“So what ended up happening, we have a Republican Governor, but our Legislature, State Senate and House of Delegates, are controlled by the Democrats. So you have [Thomas V.] ‘Mike’ Miller who is in charge of the State Senate and you have Speaker Michael Busch who is in charge of the House of Delegates. What happened on the Senate side was that Bobby Zirkin, who was the chair of the Judicial Proceedings Committee — he is a Democrat who represents the area of Baltimore County that is Pikesville-Owings Mills. What he did was he took pieces of the Governor’s packet and mixed a bunch of other measures in. Measures that he thought might make folks like us and other organizations satisfied. So he included funding for programs like Safe Streets. But he combined that with some of the measures around increasing mandatory minimums. And so Zirkin created this bill that was Senate Bill 122. So the Governor supported it after they pieced it together. It was pieced together in a back room.
“So, every bill has to have a hearing when it comes from the Legislature. What [Senator Zirkin] did was that, after the Governor’s bills were heard, he took an unrelated bill — so Senate Bill 122, when it came into the Legislature, was a completely different bill. What he did was, he amended the bill to change the name and change what it did, so that by the time it got to the Senate floor, it was this Comprehensive Crime Bill. So we didn’t get a chance to actually speak out against the bill. We spoke out against the Governor’s bills, but he manipulated the procedure in such a way that we didn’t get an opportunity to testify against this particular bill. It flew off the Senate floor quickly, and so then it was in the House.”
Criticisms of SB 122
“So, there are a couple of problems I want to outline in terms of how we should address crime. Because, the thing that we kept getting was, if this isn’t the way then what is the way? And so, there are a couple of things that we put forward. One of the things was, we said, if you talk to a police officer, most police officers know who the people are that are driving by [and shooting]. The issue is that the police department is inept and corrupt in terms of their ability to actually get good charges on the people that folks know are committing violence in our communities. And as many of you are aware of the Gun Trace Task Force, they founded that unit within the police department that was robbing people, planting guns on people, selling drugs. And so, a part of what we said was, if you really want to address violence, you have to address the police and the ways in which, in many ways, they increase crime, contribute to it, and have a police force that can actually make people feel confident that witnesses will be protected. So those are the two things that we said, that plus investments in things like Safe Streets, community-based anti-violence programs.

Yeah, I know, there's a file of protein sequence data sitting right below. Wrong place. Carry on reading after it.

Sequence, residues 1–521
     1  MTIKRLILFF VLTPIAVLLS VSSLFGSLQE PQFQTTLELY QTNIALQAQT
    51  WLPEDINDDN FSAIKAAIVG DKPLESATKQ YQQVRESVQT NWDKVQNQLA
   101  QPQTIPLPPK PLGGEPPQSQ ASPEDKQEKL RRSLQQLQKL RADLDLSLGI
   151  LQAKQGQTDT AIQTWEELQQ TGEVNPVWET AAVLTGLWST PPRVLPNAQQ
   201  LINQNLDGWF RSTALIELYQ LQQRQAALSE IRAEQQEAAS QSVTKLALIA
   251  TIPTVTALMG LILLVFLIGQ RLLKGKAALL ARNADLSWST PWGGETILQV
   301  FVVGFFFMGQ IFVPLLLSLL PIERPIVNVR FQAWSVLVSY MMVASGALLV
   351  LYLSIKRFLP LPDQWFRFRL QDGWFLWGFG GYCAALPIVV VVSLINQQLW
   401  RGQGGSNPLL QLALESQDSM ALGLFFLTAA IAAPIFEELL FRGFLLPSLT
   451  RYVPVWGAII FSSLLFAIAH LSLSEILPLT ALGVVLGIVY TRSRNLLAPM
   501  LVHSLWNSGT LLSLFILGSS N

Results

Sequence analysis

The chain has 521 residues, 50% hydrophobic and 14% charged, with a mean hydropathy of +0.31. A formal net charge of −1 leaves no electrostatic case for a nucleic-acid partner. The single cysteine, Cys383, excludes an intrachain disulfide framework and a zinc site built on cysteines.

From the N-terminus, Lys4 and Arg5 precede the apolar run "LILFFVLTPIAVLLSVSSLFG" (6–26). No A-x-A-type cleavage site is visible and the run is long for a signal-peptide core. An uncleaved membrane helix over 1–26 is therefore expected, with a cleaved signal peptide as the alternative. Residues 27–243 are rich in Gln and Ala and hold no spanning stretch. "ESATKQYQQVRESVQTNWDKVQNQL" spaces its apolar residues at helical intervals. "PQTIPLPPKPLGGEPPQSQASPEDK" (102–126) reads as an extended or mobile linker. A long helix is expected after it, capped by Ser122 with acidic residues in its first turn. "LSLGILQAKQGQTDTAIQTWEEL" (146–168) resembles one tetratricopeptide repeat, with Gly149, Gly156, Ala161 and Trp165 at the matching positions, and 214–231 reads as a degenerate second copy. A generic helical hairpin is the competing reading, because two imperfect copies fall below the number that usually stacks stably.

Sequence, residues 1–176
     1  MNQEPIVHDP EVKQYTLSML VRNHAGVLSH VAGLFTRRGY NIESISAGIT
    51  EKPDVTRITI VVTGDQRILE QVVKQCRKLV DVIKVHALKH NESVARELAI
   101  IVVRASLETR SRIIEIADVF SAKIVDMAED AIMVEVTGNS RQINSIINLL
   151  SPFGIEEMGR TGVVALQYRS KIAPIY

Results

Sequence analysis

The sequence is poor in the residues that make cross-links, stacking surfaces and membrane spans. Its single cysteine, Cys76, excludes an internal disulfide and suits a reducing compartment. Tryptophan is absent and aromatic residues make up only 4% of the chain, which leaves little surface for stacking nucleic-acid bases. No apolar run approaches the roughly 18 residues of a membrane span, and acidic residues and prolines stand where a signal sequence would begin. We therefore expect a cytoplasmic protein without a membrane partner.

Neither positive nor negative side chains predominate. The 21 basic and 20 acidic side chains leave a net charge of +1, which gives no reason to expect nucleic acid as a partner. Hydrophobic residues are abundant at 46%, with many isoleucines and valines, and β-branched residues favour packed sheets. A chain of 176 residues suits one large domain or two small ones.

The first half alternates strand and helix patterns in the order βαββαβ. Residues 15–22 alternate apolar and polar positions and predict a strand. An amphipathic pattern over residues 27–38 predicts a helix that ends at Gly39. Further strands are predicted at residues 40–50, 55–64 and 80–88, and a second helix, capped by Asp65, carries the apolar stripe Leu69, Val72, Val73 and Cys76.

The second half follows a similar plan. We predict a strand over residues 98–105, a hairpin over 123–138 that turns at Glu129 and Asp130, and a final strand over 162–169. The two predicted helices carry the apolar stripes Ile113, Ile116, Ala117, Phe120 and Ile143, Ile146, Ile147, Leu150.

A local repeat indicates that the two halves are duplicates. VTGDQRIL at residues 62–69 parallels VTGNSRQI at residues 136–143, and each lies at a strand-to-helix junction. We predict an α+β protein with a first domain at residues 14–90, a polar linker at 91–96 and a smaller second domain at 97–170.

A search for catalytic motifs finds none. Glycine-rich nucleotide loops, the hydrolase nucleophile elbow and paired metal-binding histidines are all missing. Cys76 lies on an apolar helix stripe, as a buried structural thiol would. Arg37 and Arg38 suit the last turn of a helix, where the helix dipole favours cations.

“So our argument was, if you’re serious about addressing crime, those are the things that we should do. The other problem is [with] increasing mandatory minimums from five years to ten. What we argued was that increasing those sentences, you’re not going to get the people [who are] doing violence. You’re going to get the people on the periphery. The people that just happen to get caught up. And those are the folks that are better served outside of prison, outside of incarceration.
“So that was the big push in our criticism as to why this crime package was problematic. And again, what Zirkin preserved in his version was the increase in mandatory minimums from five years to ten, and increasing maximums from 20 to 40.”
SB 122 Meets Opposition in the House of Delegates
“So it got over to the House. It went through an arduous committee process. The Black Caucus — for those who don’t know, Maryland is a third Black — we have out of the almost 200 representatives, we have about 55 representatives. So there is a pretty substantial Black Caucus. To the Black Caucus’ credit, they took an official stance against the Crime Bill. And when they took an official stance against the Crime Bill, the Latino Caucus followed suit and took a stance against the Crime Bill. And so that functionally killed the Crime Bill in the House. So it was a big victory. It was one of the few times the Black Caucus used its power in order to do something in the interest of Black folks. We look forward to working with the Black Caucus in the future to cultivate that power.”
Democrats Sneak Pieces of SB 122 through the House
“What the leadership did was that this was the Thursday of the week before Session. The Democratic Party leadership had a closed-door meeting with the Black Caucus, trying to force them to change their vote. Fortunately the Caucus stood strong, and decided not to change their vote. So what the leadership did was that they took a piece of the mandatory minimums provisions in the bill that we killed, put it in an unrelated expungement bill, so the piece about increasing mandatory minimums from five years to ten years, they amended it onto an unrelated bill on the floor of the House and rushed it through, all in the same day. So there were legislators who who had not even read the updated bill because they just pushed it so quickly.”